Discussions Around the Future of Automobility in British Society
Gillian Harrison, European Commission, Joint Reseach Centre, Institute for Energy and Transport, Craig Morton, Centre for Transport Research, University of Aberdeen, Tom Budd, Centre for Air Transport Management, Cranfield University
This research reports emerging conceptions of the dynamic transition towards low-carbon automobility in the UK, from focus group consultations on technological, commercial and social practises and elucidating possible challenges and policy options.
A mixture of potentially significant changes in technology, commercial structures and social practices are currently entering the automobility system, as a result of changing environmental and economic priorities. These include the diffusion of Electric Vehicles into the national fleet, the increasing patronage of car-sharing Clubs and the suggestive evidence of "Peak Car". Looking beyond the immediate future the introduction of autonomous vehicles may further precipitate a paradigm change in our relationship with the automobile that has developed over the last century to become embedded into British mobility practises, with many knock-on social equity effects. There has been a tendency in both academia and policy-making to investigate these issues independently of one another, overlooking inter-relations and cross-dependencies. The research project outlined in this presentation aims to address this lack of integration by investigating how these issues could combine together and lead to a substantial shift in the manner in which society fuels, owns and makes use of its cars. Of particular interest is how this may feed into concepts of sustainable mobility and social equity.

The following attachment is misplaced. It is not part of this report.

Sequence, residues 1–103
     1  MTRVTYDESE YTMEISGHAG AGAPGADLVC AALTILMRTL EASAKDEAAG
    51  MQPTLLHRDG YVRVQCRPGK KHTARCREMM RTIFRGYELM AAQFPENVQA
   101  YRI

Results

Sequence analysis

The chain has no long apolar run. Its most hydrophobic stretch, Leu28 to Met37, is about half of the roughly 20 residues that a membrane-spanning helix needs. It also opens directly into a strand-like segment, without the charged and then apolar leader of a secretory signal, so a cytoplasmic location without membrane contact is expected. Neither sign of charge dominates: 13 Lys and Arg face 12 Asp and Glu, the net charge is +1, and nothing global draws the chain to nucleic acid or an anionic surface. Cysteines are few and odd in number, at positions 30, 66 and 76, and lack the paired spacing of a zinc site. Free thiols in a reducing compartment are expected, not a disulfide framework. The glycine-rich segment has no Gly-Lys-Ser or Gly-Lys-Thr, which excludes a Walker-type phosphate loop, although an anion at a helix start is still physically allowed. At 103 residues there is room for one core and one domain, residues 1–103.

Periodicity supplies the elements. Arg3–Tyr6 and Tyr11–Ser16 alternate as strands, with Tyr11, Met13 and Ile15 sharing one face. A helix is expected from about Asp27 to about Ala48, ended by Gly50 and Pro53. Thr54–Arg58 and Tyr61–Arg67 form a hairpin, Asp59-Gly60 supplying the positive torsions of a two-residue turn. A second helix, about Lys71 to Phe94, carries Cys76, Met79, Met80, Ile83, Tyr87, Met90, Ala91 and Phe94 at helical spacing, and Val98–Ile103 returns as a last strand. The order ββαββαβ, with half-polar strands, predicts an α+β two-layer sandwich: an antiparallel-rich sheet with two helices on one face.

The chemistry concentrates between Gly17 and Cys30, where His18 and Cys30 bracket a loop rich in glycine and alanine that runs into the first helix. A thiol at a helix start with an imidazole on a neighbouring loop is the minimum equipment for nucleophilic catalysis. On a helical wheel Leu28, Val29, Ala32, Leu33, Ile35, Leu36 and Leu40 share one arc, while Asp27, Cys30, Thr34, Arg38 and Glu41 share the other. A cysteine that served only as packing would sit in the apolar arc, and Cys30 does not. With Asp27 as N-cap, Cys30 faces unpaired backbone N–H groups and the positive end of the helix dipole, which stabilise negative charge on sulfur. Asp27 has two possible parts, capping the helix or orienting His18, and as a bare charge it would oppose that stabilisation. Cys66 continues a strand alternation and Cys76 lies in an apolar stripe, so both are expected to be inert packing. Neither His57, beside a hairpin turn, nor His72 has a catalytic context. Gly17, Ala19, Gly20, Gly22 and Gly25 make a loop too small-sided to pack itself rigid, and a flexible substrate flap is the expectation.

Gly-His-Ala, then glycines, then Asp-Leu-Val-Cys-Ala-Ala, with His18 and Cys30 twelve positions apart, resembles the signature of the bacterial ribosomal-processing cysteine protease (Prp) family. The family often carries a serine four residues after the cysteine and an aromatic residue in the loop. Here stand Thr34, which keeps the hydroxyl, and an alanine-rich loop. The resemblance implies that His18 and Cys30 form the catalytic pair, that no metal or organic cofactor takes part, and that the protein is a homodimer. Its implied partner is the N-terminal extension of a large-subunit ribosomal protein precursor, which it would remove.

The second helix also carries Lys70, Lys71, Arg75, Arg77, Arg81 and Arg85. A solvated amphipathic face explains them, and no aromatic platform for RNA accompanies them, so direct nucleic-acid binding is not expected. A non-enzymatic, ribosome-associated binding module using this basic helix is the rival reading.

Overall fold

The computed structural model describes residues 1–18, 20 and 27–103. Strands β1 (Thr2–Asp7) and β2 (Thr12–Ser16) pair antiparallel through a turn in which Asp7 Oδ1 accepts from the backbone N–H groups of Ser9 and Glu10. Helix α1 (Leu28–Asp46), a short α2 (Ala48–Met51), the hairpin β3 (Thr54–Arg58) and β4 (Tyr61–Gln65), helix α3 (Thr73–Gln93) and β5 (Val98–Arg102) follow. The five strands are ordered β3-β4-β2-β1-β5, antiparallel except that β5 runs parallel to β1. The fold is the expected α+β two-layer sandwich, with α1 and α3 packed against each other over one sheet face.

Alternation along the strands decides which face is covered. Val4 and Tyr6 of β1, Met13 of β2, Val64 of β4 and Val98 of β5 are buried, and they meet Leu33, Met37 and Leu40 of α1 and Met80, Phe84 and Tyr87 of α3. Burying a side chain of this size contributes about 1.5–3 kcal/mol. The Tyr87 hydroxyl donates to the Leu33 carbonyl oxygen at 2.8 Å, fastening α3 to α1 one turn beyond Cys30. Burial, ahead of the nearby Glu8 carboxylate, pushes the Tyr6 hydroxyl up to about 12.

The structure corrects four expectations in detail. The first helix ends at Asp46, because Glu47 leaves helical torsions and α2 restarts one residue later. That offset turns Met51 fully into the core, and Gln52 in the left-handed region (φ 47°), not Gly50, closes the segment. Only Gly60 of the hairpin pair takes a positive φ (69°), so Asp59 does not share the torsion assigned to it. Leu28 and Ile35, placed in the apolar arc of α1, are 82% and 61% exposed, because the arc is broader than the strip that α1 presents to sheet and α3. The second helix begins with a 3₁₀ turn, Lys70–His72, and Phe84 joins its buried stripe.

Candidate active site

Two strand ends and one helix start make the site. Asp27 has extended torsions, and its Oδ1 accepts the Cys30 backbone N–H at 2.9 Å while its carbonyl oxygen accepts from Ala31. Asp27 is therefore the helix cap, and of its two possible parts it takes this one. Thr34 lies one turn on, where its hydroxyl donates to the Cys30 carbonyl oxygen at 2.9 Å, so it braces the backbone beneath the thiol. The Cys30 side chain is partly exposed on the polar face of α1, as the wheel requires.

A series of focus groups were held in the summer of 2014 in the UK in order to attain an improved understanding of how British practitioners, scholars and policy-makers are considering these dynamic issues. Specific attention was given to  what the expectations for future change in automobility are,  if these changes will likely lead to a transition towards a more environmentally sustainable and socially just system of automobility and  the manner in which a transition of this nature could be facilitated. The oral testimony offered during the focus groups has been assessed qualitatively using thematic analysis. In this presentation we read-back to the research community these emerging conceptions of a transition in automobility. A thematic framework was developed bringing to light a wide array of behavioural, technological and policy barriers and enablers, as well as social justice dilemmas, which may make a transition to low-carbon automobility challenging, raising the question of the continued dominant role of the car in British Society.
(Disclaimer: The views expressed are purely those of the authors and may not in any circumstances be regarded as stating an official position of the European Commission)
Association for European Transport